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132 Works of Richard Steele

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I was this morning walking in the gallery when Sir Roger entered at the end opposite to me, and advancing towards me, said he was glad to meet me among his relations the De Coverleys, and hoped I liked the conversation of so much good company, who were as silent as myself. I knew he […]

Having notified to my good friend Sir Roger that I should set out for London the next day, his horses were ready at the appointed hour in the evening; and attended by one of his grooms, I arrived at the country town at twilight, in order to be ready for the stage-coach the day following. […]

In my first description of the company in which I pass most of my time, it may be remembered that I mentioned a great affliction which my friend Sir Roger had met with in his youth; which was no less than a disappointment in love. It happened this evening that we fell into a very […]

No. 314.Friday, February 29, 1712. Steele. Tandem desine Matrem Tempestiva sequi viro. Hor. Od. 23. Feb. 7, 1711-12. Mr. SPECTATOR, I am a young Man about eighteen Years of Age, and have been in Love with a young Woman of the same Age about this half Year. I go to see her six Days in […]

No. 318. Wednesday, March 5, 1712. Steele. [–non omnia possumus omnes. Virg. [1]] Mr. SPECTATOR, A certain Vice which you have lately attacked, has not yet been considered by you as growing so deep in the Heart of Man, that the Affectation outlives the Practice of it. You must have observed that Men who have […]

No. 328 [1]Monday, March 17, 1712. Steele. Delectata illa urbanitate tam stulta. Petron. Arb. That useful Part of Learning which consists in Emendation, Knowledge of different Readings, and the like, is what in all Ages Persons extremely wise and learned have had in great Veneration. For this reason I cannot but rejoyce at the following […]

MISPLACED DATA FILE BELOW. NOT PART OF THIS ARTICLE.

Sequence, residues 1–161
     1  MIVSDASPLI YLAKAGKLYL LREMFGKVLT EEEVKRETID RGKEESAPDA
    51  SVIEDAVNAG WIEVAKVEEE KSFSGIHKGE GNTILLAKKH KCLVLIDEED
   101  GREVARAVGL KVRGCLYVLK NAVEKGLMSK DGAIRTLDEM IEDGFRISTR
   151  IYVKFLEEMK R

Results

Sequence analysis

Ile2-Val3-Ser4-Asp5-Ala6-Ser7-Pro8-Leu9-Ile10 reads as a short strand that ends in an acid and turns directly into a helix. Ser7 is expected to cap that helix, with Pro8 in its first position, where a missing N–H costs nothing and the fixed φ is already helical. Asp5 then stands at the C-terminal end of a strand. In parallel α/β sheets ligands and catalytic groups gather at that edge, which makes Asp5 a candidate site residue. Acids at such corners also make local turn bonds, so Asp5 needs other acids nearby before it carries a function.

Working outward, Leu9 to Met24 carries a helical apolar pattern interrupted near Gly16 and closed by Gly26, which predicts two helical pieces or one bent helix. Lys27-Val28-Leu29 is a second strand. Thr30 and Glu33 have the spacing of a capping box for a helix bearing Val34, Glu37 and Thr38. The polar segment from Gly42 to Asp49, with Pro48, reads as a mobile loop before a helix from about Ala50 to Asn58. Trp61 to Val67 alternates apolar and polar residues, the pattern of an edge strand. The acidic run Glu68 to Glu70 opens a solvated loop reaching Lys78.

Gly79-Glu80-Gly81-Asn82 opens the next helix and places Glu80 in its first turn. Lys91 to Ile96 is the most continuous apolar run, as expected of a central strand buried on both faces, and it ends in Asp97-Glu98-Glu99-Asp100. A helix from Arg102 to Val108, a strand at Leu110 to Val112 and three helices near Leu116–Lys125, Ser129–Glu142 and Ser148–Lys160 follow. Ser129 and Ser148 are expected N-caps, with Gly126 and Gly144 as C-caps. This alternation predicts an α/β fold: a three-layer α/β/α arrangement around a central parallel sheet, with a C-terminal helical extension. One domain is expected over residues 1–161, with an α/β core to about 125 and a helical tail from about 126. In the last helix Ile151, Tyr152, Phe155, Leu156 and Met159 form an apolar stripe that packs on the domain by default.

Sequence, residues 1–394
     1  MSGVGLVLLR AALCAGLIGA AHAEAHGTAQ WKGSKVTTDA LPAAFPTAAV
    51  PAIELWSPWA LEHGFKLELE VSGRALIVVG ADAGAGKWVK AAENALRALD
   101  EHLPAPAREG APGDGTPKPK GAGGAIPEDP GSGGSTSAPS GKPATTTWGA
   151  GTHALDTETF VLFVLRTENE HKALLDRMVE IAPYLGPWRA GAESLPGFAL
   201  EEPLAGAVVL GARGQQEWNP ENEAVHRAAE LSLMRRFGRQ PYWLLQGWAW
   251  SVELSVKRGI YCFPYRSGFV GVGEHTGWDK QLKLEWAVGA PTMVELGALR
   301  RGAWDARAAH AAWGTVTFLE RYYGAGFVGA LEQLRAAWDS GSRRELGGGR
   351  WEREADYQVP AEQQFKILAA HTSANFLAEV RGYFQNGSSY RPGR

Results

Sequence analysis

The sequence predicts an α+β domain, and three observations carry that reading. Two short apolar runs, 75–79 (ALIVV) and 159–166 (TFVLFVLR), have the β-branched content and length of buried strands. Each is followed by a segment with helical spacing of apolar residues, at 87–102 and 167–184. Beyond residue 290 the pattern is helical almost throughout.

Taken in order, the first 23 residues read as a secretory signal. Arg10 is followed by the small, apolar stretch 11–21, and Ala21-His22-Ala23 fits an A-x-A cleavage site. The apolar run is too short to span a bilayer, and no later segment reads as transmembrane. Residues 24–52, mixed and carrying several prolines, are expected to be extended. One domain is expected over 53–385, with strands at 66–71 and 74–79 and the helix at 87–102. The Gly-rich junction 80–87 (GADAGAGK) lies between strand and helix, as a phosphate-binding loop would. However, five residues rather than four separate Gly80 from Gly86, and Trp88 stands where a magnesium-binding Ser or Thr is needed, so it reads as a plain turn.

No. 320Friday, March 7, 1712. Steele. [–non pronuba Juno,Non Hymenaeus adest, non illi Gratia lecto,Eumenides stravere torum. Ovid. [1]] Mr. SPECTATOR, You have given many Hints in your Papers to the Disadvantage of Persons of your own Sex, who lay Plots upon Women. Among other hard Words you have published the Term Male-Coquets, and been […]

No. 324Wednesday, March 12, 1712. Steele. [O curvae in terris animae, et coelestium inanes. Pers [1].] Mr. SPECTATOR, The Materials you have collected together towards a general History of Clubs, make so bright a Part of your Speculations, that I think it is but a Justice we all owe the learned World to furnish you […]

No. 322Monday, March 10, 1712. Steele. Ad humum maerore gravi deducit et angit. Hor. It is often said, after a Man has heard a Story with extraordinary Circumstances, It is a very good one if it be true: But as for the following Relation, I should be glad were I sure it were false. It […]

No. 326Friday, March 14, 1712. Steele. Inclusam Danaen turris ahenea Robustaeque fores, et vigilum canum Tristes exubiae, munierant satis Nocturnis ab adulteris; Si non– Hor. Mr. SPECTATOR, Your Correspondents Letter relating to Fortune-Hunters, and your subsequent Discourse upon it, have given me Encouragement to send you a State of my Case, by which you will […]

No. 332Friday, March 21, 1712. Steele. Minus aptus acutis Naribus horum hominum. Hor. Dear Short-Face, In your Speculation of Wednesday last, you have given us some Account of that worthy Society of Brutes the Mohocks; wherein you have particularly specify’d the ingenious Performance of the Lion-Tippers, the Dancing-Masters, and the Tumblers: But as you acknowledge […]

No. 330Wednesday, March 19, 1712. Steele. Maxima debetur pueris reverentia. Juv. The following Letters, written by two very considerate Correspondents, both under twenty Years of Age, are very good Arguments of the Necessity of taking into Consideration the many Incidents which affect the Education of Youth. SIR, I have long expected, that in the Course […]